(d) Improve conditions in psychiatric hospitals, social care homes and institutions for children.
Investigation of acts of torture and ill-treatment
24.The Committee is deeply concerned at reports of numerous cases of torture and ill-treatment of persons deprived of their liberty, in particular reports of persons in police custody who have been tortured or ill-treated by law enforcement officials. The Committee remains seriously concerned at the very low proportion of criminal investigations opened into such allegations compared with the number of complaints received, and the very low number of cases where State officials have been prosecuted, convicted and sentenced to imprisonment. According to the information provided by the State party, between 2012 and the first six months of 2021 courts had found 18 officials guilty of torture, with 12 serving prison sentences. Another issue of concern is the transfer of the power to investigate cases of torture from the Prosecutor’s Office to the State Committee on National Security, which acts under the law on State secrets. The Committee noted the information that this function has recently been partially transferred back to the Prosecutor’s Office. Furthermore, the Committee is concerned at reports of police harassment, arbitrary arrest, ill-treatment and torture perpetrated against lesbian, gay, bisexual and transgender persons that have not been investigated. The Committee regrets that no reparation mechanism for acts of torture and ill-treatment has been established and that, in practice, victims of torture do not receive fair and adequate restitution, compensation and rehabilitation for acts of torture and ill-treatment (arts. 2 and 10–16).
25. Recalling its previous recommendation, the Committee recommends that the State party:
(a) Ensure that prompt, independent, impartial and effective investigations are undertaken into all allegations relating to torture and ill-treatment by law enforcement officers, including against lesbian, gay, bisexual and transgender persons, and ensure that the perpetrators are prosecuted and the victims are adequately compensated and rehabilitated;
(b) Ensure that the authorities launch investigations whenever there are reasonable grounds to believe that an act of torture or ill-treatment has been committed;
(c) Ensure that, in cases of alleged torture or ill-treatment, suspected perpetrators are suspended from duty immediately and for the duration of the investigation, particularly when there is a risk that they might otherwise be in a position to repeat the alleged act, commit reprisals against the alleged victim or obstruct the investigation;
(d) Compile and provide the Committee with information on redress and compensation measures, including means of rehabilitation, ordered by the courts or other bodies in the State party that have been provided to victims of torture or ill-treatment, including the amounts paid.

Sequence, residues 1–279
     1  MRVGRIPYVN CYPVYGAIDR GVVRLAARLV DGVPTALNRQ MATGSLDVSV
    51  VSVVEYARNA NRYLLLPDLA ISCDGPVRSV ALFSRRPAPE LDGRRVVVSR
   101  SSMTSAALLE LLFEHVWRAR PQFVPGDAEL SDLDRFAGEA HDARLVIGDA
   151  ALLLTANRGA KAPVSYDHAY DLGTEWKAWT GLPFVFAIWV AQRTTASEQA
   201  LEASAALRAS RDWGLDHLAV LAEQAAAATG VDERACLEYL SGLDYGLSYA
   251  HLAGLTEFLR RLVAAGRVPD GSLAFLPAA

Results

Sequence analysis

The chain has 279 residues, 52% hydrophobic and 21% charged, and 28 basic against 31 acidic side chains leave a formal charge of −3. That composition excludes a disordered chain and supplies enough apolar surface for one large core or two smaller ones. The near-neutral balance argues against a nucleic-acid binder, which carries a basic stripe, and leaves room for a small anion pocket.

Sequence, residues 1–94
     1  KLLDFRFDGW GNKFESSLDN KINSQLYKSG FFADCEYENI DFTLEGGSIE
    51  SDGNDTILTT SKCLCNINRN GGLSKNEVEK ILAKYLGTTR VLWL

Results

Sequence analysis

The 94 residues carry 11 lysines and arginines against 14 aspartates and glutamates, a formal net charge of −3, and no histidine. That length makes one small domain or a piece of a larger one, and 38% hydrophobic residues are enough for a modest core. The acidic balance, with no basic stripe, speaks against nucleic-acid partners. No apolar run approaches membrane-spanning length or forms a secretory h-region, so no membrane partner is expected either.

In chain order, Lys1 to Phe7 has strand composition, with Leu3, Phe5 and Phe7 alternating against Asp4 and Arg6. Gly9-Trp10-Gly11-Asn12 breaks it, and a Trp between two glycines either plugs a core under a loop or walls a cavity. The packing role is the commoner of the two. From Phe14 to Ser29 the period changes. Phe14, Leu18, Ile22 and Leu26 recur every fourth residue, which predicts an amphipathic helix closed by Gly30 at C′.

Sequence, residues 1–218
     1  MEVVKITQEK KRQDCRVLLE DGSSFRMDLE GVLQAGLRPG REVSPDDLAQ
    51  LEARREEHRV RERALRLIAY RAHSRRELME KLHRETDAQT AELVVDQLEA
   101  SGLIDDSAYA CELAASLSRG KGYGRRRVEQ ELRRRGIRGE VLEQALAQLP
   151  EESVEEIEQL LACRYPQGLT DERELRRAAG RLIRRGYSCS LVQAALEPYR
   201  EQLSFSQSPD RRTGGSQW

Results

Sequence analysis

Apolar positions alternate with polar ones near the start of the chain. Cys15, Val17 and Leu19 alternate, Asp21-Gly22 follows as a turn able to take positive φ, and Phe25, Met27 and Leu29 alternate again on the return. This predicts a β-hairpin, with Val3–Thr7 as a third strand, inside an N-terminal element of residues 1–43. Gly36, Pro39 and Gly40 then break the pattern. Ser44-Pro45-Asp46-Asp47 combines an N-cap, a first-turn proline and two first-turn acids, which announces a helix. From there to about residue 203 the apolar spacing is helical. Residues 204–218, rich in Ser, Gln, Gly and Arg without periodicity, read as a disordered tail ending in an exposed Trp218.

Retaliation against human rights defenders and journalists
26.The Committee is concerned about reports that journalists face intimidation, including threats of violence and harassment, from wealthy and politically well-connected non-State actors for reporting on alleged corruption. Radio 3 Europe, for example, was obliged to relocate some of its journalists to Prague because of serious threats following their reporting on the corruption of former senior public officials. The Committee regrets the lack of information about any investigation into an incident involving Aibol Kozhomuratov, a producer at Current Time TV, who tweeted a clip showing a law enforcement officer shooting a weapon at him while he was reporting. Regarding the case concerning the death in custody of the human rights defender Azimjan Askarov, in 2020, the Committee takes note of the information provided by the delegation that national security organs are conducting their own investigation. It regrets, however, that the courts have denied his widow the right to compensation, as she could not be named as successor in the legal proceedings, and, moreover, that the issue of redress could not be considered until the case into Askarov’s death was closed. The Committee also regrets that article 417 of the Code of Criminal Procedure hampers victim’s rights to redress from a civil court until a criminal court has convicted the perpetrators. The Committee further regrets that the State party did not provide information on any plans to allow the relatives of a victim of torture to claim adequate and fair compensation (arts. 2, 12–13 and 16).
27. The State party should:
(a) Ensure that human rights defenders and journalists are able to conduct their work and activities freely in the State party, without fear of reprisals or attack;
(b) Investigate promptly, thoroughly, independently and impartially all violations committed against human rights defenders and journalists and punish appropriately those found guilty;
(c) Review its legislation to allow victims of torture to pursue civil claims for redress, even if the criminal case is ongoing or has not resulted in a conviction, in line with the Committee’s general comment No. 3 (2012).
Violence against children
28.Although corporal punishment of children is unlawful in schools, the penal system and certain care settings, the Committee is concerned at allegations that a large number of children experience violence, abuse or neglect in both family and institutional care settings. According to the information before the Committee, monitoring of residential children’s institutions carried out in 2019–2020 revealed the ineffectiveness of the system for the prevention of violence, ill-treatment and torture. Children were not aware of the prohibition on violence against them and there appeared to be no mechanisms in residential children’s institutions for them to report it (art. 16).
29. The State party should: